Although the picture may look slightly flat or not as crisp as we spoiled audiences today expect, House of Usher is still a luxuriously dressed and good looking movie for its time and budget. From the great smoky, foggy, barren, and thorny approach to the Victorian creepy of the titular house itself, red candles and candelabras, antiques, top hats and capes, and scarlet frocks add a sinister elegance amid the shadows, cobwebs, and decrepit. The gothic styled mansion sets are surprising warm as well thanks to carpets, tapestries, and classic woodworks, and a hazy, eerie, tinted, and bizarre dream sequence adds to the surreal feeling. We know when and where this is taking place, but it all seems like an abstract purgatory or increasing nightmare as the scale gets smaller and more claustrophobic. Some of the voices are too soft or the music uneven, but thunder and lighting pop as the foundations literally crack. Fire tops off a morbid finale of dust, destruction, and building perils. All this happens in House of Usher, and yet I’d live in this house, dang straight!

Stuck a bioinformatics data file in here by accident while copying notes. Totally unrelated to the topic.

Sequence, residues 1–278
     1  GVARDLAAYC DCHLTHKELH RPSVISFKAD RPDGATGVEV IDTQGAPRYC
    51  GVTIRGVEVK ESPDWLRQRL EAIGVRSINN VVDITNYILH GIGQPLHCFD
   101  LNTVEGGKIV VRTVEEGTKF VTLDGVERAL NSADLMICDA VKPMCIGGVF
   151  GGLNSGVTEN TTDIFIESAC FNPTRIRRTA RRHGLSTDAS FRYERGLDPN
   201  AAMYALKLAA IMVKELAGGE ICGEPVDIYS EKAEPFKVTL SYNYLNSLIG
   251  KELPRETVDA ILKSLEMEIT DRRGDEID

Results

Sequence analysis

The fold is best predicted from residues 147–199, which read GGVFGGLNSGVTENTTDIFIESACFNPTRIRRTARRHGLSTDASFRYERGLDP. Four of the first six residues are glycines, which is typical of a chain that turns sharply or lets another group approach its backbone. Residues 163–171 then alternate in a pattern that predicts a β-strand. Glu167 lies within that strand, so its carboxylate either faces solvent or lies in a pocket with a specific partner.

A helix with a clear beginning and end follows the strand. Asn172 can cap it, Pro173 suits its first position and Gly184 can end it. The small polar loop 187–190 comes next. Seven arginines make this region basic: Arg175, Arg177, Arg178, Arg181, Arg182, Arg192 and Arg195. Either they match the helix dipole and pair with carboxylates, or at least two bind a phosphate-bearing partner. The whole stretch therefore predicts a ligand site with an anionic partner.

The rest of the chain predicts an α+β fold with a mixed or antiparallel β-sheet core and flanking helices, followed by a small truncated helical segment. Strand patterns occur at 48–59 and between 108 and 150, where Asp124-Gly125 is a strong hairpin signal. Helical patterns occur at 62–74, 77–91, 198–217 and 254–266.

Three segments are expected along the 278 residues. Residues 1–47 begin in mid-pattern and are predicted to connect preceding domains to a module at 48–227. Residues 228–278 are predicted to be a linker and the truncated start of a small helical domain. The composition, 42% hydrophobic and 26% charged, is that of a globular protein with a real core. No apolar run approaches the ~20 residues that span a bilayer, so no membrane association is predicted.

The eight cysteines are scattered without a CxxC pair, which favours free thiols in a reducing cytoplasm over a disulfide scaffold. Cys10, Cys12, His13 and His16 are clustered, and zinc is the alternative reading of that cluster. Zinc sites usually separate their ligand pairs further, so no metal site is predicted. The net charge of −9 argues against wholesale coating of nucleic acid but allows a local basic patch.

Strangely, the DVD editions of House of Usher seem elusive – Netflix is Save Only at best – but the new Vincent Price Collection blu-ray set is brimming with interviews and commentaries. Due to its fifties sensibility over the contemporary, scary, sexy, scandalous, and more or less weaker Usher adaptations, this rendition is classroom friendly whilst still capturing the right demented and moody atmosphere. House of Usher proves all you need for great film is the right cast, a good story, and an eerie stage. Fans of Roger Corman, the ensemble, Edgar Allan Poe, and gothic horror surely know and love this adaptation already, and if you don’t, for shame!